It’s theater and in his single best joke, Cedar has the Shkolniks attending a performance of that 20th-century Jewish classic, Fiddler on the Roof. Tevye drags his wagon on stage, complaining that he is not just the driver but the horse—then comes out again to kvetch about his daughter’s dowry. Uriel and Eliezer are seated at opposite ends of the family group. Yehudit whispers to Uriel to give his father a chance to apologize. Uriel knows that will never happen and so he takes his own revenge and burdens his mother with the truth about the award: “No one knows except you.”
Eliezer may be happily humming “Tradition” on the way home in Uriel’s overcrowded car, but Cedar is not yet through. Thanks to the scholar’s memory for word patterns and formidable research skills, Eliezer will figure out that Uriel wrote the award statement and deduce that he had been the award’s intended recipient. Everything now in place, Footnote’s almost wordless last 15 minutes are exquisitely choreographed as, for the third time, the Shkolniks attend a public ceremony en famille. This event, however, is a mirror image of the first. Now everyone appears to be miserable, except perhaps Eliezer. The ceremony begins, but, just before the playing of “Hatikva,” the movie ends. Behind me, an anguished cry: “That’s it? That can’t be it!”
Cedar has left it to us to discuss amongst ourselves. At least, that’s how it was at the Westchester Cinema Club. It was pointed out that Shkolnik fils ceded the moral high ground when he whispered the truth mid-Fiddler to his mother, leaving her with an impossible choice between husband and son; it was further observed that Shkolnik père lost his authority when, through the power of his intellect, he discovered the truth and said nothing. Some noted that the women Dikla and Yehudit are clearly the movie’s most intelligent and empathetic characters and pointed out that women were traditionally banned from studying the Talmud.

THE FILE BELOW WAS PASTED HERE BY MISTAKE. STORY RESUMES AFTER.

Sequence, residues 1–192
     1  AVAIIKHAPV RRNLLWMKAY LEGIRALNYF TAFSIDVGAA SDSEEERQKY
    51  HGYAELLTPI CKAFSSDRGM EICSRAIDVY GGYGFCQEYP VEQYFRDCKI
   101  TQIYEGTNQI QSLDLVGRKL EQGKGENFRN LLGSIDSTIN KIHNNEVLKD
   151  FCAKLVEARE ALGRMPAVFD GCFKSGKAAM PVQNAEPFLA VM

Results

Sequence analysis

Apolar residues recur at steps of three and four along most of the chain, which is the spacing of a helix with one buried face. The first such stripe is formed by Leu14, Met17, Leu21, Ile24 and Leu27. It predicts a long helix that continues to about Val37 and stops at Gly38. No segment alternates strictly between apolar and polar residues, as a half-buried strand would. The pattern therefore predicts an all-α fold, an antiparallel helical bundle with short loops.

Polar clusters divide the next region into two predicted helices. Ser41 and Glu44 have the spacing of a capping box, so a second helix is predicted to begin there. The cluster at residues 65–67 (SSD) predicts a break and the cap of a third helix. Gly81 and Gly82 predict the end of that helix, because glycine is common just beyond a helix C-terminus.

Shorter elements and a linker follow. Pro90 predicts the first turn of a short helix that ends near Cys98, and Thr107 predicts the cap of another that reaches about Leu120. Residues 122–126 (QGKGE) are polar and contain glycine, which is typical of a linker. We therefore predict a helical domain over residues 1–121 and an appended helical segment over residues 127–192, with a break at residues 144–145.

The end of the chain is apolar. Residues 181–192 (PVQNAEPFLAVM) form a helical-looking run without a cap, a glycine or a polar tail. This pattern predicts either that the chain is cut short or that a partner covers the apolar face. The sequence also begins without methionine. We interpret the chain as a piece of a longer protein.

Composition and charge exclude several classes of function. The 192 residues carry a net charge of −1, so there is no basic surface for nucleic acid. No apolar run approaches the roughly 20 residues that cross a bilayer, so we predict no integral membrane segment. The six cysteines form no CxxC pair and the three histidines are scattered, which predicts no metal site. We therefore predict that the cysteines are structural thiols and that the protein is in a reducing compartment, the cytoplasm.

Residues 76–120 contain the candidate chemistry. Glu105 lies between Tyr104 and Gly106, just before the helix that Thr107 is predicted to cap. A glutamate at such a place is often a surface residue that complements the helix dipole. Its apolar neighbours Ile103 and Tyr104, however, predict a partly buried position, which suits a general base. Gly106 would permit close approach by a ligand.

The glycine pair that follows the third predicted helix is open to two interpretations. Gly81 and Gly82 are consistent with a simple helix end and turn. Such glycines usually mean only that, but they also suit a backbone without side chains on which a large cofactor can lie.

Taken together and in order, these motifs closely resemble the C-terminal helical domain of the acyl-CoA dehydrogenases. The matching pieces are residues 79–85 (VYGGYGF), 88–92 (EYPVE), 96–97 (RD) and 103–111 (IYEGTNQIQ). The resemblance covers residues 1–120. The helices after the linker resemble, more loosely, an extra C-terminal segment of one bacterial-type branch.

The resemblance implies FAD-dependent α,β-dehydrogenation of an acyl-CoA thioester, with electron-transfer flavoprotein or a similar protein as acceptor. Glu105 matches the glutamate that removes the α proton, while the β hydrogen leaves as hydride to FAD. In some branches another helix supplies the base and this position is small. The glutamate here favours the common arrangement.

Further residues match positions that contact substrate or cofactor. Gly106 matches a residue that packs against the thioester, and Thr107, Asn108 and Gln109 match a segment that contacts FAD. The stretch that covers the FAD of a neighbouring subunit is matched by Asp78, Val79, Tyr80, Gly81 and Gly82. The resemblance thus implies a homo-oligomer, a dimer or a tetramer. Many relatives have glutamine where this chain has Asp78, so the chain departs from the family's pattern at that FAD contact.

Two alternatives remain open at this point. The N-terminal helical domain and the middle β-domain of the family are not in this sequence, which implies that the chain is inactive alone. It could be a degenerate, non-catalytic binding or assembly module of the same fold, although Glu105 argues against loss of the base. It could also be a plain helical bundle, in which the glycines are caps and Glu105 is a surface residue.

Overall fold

One man angrily declared that Eliezer was an unbelievable character. A father would never disdain such nakhes and proof of filial loyalty. He would take pride in it and not so “sacrifice” his son. (“Ah ha,” I heard someone joke.) Others, more conversant with scripture, saw a similarity to the Talmudic tale of Kamsa and Bar Kamsa, wherein a servant’s clerical error results in an unintended banquet invitation—rather than friend Kamsa, enemy Bar Kamsa shows up for the feast and, despite his three offers to pay an increasingly large portion of the expenses, is physically ejected by the irate host—thus setting off a chain of events resulting in the destruction of the Second Temple.
Might Cedar have been issuing a similar warning about the destructive battles between religious right and secular left that even now divide Israel? some wondered. Perhaps his movie is a commentary on this midrash, suggesting that, as Eliezer believes, the truth of history is found in its footnotes. Or perhaps, Footnote has another moral lesson: The mistake that, however honest, remains unacknowledged can bring the Temple itself crashing down on our heads.
(Footnote received funding from the Avi Chai Foundation—which, like Keren Keshet Foundation, which created Nextbook Inc., Tablet Magazine’s publisher, was funded by the estate of Zalman C. Bernstein.)